Whole lung lavage in alveolar proteinosis: manual clapping versus mechanical chest percussion
- Catherine Ars1,
- Pierre Delguste1,
- Marie-Paule Biettlot Catherine M’Bazoa1,2,
- Marie-Therese Rennotte1,
- Birgit Weynand1,
- Charles Pilette1,
- Daniel O Rodenstein1
- 1Cliniques universitaires Saint-Luc, Université catholique de Louvain, Brussels, 1200, Belgium
- 2Clinique du Parc Léopold, Brussels, 1040, Belgium
- Published 2 February 2009
Alveolar proteinosis is an uncommon lung disease presenting in primary or secondary forms, characterised by surfactant derived proteinous material accumulation within the lungs. The most effective treatment remains whole lung lavage under general anaesthesia. We have recently performed whole lung lavage in a 46-year-old patient with alveolar proteinosis who presented with severe dyspnoea and hypoxia. During the left lung lavage, outwards flow was enhanced at random either by manual clapping or by mechanical chest percussion with a vest airway clearance system. The protein and surfactant protein A concentrations in the 13 successive samples of the left lavage solution showed an exponential decline, not different between manual clapping and chest mechanical percussion. The average concentration of surfactant protein was not different between manual clapping and chest percussion. We conclude that in alveolar proteinosis, manual clapping replacement by mechanical chest percussion during whole lung lavage merits further evaluation.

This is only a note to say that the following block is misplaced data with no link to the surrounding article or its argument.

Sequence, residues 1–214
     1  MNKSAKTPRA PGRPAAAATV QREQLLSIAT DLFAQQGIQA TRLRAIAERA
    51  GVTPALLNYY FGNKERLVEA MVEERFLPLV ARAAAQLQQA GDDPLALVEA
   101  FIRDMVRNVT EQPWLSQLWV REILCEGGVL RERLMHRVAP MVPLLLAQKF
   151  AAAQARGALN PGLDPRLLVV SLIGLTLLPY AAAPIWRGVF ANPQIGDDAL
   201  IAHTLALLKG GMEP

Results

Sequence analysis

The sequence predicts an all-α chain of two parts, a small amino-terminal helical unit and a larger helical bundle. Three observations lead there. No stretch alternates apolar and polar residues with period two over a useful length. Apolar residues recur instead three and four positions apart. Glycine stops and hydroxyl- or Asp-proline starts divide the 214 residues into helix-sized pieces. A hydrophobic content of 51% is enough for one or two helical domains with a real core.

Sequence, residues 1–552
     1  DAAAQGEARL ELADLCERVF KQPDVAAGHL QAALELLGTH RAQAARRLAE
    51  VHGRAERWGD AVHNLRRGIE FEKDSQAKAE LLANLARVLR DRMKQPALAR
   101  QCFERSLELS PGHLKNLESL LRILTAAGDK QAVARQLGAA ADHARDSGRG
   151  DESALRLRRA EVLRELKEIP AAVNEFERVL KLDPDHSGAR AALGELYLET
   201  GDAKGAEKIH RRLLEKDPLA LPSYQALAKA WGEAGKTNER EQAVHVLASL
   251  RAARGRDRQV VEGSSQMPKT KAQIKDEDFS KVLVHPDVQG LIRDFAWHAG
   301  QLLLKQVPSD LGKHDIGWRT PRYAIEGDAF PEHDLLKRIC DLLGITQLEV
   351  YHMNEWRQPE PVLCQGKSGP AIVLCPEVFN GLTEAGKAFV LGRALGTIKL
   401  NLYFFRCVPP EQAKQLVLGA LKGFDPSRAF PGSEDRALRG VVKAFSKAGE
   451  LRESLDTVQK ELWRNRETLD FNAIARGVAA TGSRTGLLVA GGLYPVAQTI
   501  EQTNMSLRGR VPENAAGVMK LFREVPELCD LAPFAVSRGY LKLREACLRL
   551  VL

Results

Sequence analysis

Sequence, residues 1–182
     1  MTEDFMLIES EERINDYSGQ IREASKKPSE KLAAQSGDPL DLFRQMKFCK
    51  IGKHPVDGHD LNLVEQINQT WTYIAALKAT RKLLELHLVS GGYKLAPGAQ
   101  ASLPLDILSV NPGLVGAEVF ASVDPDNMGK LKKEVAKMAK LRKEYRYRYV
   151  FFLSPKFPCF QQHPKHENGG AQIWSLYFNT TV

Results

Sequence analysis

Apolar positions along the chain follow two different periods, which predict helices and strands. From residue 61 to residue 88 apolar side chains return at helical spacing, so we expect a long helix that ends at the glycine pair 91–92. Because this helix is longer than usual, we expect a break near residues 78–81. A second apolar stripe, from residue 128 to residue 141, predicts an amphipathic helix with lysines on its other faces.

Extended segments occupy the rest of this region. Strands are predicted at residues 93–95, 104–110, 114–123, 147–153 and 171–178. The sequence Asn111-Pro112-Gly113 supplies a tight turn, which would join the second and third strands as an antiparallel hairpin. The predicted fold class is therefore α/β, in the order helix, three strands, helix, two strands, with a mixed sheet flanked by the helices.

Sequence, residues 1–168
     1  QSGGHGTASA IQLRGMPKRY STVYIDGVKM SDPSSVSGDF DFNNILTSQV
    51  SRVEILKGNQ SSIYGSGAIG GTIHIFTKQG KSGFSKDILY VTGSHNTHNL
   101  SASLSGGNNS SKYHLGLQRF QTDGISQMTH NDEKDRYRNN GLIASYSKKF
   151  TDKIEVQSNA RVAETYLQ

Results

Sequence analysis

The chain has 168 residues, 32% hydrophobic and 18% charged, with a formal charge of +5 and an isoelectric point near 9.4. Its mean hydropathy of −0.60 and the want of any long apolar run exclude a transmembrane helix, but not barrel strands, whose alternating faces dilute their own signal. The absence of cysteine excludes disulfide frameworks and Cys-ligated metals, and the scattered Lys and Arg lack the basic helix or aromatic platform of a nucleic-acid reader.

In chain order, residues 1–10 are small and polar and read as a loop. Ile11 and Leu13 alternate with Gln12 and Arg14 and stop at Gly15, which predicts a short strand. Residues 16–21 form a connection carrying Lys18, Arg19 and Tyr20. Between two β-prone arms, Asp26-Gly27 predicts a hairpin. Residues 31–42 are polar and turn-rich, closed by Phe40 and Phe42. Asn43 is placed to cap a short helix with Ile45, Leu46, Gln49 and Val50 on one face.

Competing interests: None.
Patient consent: Patient/guardian consent was obtained for publication